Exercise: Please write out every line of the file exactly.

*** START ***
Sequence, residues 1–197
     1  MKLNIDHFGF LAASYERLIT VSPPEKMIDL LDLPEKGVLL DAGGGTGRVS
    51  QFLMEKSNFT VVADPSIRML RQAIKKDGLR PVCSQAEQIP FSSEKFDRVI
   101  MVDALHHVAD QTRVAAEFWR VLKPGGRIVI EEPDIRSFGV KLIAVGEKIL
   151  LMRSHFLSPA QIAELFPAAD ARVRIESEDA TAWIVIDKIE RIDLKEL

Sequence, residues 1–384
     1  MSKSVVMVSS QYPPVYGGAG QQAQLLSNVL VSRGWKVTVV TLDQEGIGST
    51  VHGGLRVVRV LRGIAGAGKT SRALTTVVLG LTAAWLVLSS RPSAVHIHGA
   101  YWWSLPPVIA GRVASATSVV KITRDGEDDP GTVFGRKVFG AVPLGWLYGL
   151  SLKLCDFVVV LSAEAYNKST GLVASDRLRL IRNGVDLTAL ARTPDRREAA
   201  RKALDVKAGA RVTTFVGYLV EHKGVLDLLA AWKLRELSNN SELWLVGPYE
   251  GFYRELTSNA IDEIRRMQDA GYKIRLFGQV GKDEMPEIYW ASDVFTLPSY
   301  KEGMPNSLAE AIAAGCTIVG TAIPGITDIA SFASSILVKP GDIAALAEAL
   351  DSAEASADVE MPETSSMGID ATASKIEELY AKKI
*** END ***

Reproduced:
Sequence, residues 1–197
     1  MKLNIDHFGF LAASYERLIT VSPPEKMIDL LDLPEKGVLL DAGGGTGRVS
    51  QFLMEKSNFT VVADPSIRML RQAIKKDGLR PVCSQAEQIP FSSEKFDRVI
   101  MVDALHHVAD QTRVAAEFWR VLKPGGRIVI EEPDIRSFGV KLIAVGEKIL
   151  LMRSHFLSPA QIAELFPAAD ARVRIESEDA TAWIVIDKIE RIDLKEL

Sequence, residues 1–384
     1  MSKSVVMVSS QYPPVYGGAG QQAQLLSNVL VSRGWKVTVV TLDQEGIGST
    51  VHGGLRVVRV LRGIAGAGKT SRALTTVVLG LTAAWLVLSS RPSAVHIHGA
   101  YWWSLPPVIA GRVASATSVV KITRDGEDDP GTVFGRKVFG AVPLGWLYGL
   151  SLKLCDFVVV LSAEAYNKST GLVASDRLRL IRNGVDLTAL ARTPDRREAA
   201  RKALDVKAGA RVTTFVGYLV EHKGVLDLLA AWKLRELSNN SELWLVGPYE
   251  GFYRELTSNA IDEIRRMQDA GYKIRLFGQV GKDEMPEIYW ASDVFTLPSY
   301  KEGMPNSLAE AIAAGCTIVG TAIPGITDIA SFASSILVKP GDIAALAEAL
   351  DSAEASADVE MPETSSMGID ATASKIEELY AKKI